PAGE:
Reimagining Education at Bett 2023

Mari Downing

Account Executive

PLMR’s key takeaways from this year’s show

As the UK’s largest education technology show, Bett’s annual event in London provides the opportunity for education leaders around the country – and indeed, around the world –  to assemble and share insights from every corner of the rapidy evolving edtech sector.

PLMR’s specialist education practice attended the show, making the most of everything the three days had to offer – from supporting clients in attendance, to meeting with and hearing from leading figures at the intersection of education and technology.

With more than 123 countries represented and approximately 600 edtech companies exhibiting, this year’s Bett show shed plenty of light on some of the biggest challenges facing the sector, as well as innovative solutions to address some of these issues. Read on to uncover our three key takeaways from this year’s show:

 

Adapting the curriculum to the modern world

Unsurprisingly, the growing influence of AI dominated conversations throughout the event. In her address to the conference, Secretary of State for Education Gillian Keegan highlighted the potential of AI as a powerful tool to transform day to day work, but recognised that AI will never replace the quality of teachers, and that there is still a way to go in ensuring it delivers at the necessary standard. Keegan indicated that the Department for Education is hoping to publish a plan shortly for getting the most out of AI whilst managing the associated risks.

Additionally, numerous panel discussions focused on whether the current curriculum is capable of adequately preparing students for the world of work. In a session held by LEGO and LEO Academy Trust on ‘How to ignite STEAM learning and 21st Century skills’, they spoke to the troubling statistic that by 2030, 50% of children will be unprepared to enter the workforce. Successfully embracing technology and edtech solutions in schools means more than simply teaching students to code; it also means providing them with the requisite skills and confidence to flourish in the workplace of the future. Encouring children to develop mindsets of curiosity and creativity, with a growing emphasis on empathetic and ethical considerations, was a priority outlined by numerous education leaders.

 

Prioritising mental health and wellbeing

While examining the relevance of education and modern world, mental health was never far from the conversation at Bett 2023. A session exploring the OECD’s ‘Human Flourishing Project’ outlined the organisation’s vision of shifting the focus of assessing education away from solely academic metrics, towards curricula which centre the child’s holistic development – taking a ‘whole child’ approach. Michael Stevenson (Senior Adviser and Consultant at the OECD) indicated that the latest OECD education policy framework, which will be ready for publication in two years’ time, will include a move to ensure that education teaches children resilience and supports their mental health and wellbeing.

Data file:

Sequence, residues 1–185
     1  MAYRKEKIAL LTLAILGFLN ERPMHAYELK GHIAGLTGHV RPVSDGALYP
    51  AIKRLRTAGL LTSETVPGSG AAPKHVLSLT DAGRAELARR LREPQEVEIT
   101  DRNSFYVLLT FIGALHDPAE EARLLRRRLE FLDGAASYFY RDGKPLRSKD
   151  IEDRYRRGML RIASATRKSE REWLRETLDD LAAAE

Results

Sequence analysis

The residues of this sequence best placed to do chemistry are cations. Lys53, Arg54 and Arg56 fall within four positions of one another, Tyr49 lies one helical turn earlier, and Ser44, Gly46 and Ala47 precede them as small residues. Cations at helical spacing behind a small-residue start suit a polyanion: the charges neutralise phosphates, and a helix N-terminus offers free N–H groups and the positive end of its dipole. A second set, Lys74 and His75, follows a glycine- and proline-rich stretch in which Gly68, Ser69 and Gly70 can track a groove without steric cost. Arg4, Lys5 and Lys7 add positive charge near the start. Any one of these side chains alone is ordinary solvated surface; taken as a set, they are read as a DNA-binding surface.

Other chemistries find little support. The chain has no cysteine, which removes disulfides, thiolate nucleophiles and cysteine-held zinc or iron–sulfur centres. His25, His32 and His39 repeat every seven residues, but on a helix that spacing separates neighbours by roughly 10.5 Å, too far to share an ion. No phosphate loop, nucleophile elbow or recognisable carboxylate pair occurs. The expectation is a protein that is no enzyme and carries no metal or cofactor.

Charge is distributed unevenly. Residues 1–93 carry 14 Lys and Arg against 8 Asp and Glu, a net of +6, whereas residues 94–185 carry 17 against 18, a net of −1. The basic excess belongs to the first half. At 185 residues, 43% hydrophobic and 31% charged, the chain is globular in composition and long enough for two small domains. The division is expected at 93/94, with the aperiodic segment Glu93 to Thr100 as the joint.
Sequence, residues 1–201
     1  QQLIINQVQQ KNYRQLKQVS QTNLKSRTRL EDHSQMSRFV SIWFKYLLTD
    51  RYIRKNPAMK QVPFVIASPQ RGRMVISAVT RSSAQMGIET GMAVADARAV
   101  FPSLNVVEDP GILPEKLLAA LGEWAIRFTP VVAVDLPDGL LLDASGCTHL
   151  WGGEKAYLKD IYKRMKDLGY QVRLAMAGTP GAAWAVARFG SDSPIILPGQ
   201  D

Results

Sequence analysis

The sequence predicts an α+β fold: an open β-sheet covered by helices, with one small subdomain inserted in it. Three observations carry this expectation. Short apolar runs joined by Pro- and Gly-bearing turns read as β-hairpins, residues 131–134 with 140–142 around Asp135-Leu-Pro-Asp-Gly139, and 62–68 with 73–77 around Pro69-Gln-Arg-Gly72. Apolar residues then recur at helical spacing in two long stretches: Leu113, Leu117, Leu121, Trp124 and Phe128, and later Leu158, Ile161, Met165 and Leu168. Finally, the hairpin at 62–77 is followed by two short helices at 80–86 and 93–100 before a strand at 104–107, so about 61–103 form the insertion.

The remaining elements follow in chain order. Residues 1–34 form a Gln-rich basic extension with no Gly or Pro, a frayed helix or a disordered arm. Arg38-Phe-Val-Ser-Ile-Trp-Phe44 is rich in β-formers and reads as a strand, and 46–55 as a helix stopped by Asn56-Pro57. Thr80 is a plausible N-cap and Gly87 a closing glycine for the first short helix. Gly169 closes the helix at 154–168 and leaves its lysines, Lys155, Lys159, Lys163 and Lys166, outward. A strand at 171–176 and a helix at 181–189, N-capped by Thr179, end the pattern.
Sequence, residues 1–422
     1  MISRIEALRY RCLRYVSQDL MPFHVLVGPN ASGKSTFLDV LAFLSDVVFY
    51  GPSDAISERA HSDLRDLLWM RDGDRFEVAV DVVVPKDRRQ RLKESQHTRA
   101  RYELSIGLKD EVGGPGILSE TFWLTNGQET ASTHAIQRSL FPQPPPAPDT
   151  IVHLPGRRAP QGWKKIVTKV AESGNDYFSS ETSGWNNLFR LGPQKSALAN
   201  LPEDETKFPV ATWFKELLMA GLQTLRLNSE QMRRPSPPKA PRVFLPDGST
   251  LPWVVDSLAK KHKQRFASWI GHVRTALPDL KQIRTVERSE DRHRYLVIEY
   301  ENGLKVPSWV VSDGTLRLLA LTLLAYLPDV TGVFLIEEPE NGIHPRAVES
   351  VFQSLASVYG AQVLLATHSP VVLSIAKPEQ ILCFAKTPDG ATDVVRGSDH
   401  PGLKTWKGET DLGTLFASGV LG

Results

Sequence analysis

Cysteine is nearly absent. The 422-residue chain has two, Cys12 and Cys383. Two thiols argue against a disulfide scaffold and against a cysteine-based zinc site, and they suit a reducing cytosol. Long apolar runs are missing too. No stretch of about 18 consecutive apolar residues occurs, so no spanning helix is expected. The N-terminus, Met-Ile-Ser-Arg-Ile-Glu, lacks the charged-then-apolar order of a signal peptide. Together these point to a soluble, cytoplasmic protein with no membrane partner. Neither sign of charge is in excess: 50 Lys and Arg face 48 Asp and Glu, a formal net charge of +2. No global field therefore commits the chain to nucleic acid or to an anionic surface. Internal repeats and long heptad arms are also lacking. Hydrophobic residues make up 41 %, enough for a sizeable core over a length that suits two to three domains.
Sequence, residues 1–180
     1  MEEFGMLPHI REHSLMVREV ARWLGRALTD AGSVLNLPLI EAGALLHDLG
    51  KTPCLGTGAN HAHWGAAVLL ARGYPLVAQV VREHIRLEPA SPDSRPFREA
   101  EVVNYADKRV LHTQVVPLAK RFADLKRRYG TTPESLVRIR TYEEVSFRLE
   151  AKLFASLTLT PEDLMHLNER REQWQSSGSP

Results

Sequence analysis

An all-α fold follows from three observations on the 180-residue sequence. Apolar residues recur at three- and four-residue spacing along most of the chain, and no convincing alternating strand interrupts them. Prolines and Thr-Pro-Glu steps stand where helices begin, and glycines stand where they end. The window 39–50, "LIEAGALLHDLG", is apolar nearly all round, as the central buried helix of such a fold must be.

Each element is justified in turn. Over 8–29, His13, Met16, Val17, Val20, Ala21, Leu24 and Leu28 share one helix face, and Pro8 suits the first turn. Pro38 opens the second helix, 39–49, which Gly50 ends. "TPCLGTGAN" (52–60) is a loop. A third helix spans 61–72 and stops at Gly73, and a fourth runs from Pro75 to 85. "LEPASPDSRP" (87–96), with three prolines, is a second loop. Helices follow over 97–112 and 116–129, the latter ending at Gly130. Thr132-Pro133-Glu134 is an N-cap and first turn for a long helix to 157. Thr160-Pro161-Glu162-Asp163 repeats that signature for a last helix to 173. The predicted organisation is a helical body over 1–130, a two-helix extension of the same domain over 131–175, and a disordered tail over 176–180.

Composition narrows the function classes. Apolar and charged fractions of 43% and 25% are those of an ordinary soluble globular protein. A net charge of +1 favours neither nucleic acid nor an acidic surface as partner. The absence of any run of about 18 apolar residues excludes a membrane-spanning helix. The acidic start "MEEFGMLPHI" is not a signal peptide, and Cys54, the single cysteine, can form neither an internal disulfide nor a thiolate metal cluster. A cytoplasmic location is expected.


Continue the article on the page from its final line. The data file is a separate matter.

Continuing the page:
Further, in a session titled ‘Digital Innovation Supporting Children and Young People’s Mental Health’, panellists explored the potential use of AI tools for therapy, wellbeing apps and education materials to help normalise mental health conversations. As is the case for academic solutions, these mental health tools are not designed to replace existing physical supports, but rather to supplement them by widening access and encouraging both staff and students to access help.

 

Building community

The potential for edtech to strengthen communities and boost involvement from all quarters was also widely discussed during the course of Bett 2023. For instance, LEO Academy Trust shared insights on its usage of various technology-based solutions in the classroom during a panel session titled ‘PedTech: Pedagogy first and technology supports’. The Trust outlined how edtech enhances its adaptive teaching and ensures lessons are suitable for learners of all backgrounds, levels and abilities – allowing all pupils to take part in the learning community.

Panellists during the OECD’s ‘Human Flourishing Project’ discussion also flagged the dangers of assuming that technology implemented during the pandemic alone will be enough to maintain strong relationships between schools and parents; this momentum must be sustained, and connectivity with parents should remain a priority throughout the education process.

Throughout the event, contributors also appeared aligned on the importance of staff engagement in the creation of digital culture – whilst technology is a useful tool in building communities, community engagement is the number one driver in ensuring the successful adoption of edtech solutions in schools. Providing staff with adequate resources and training complementing the rollout of any technological programme is essential in guaranteeing that they will have the confidence and ability to deliver the best possible outcomes for students.

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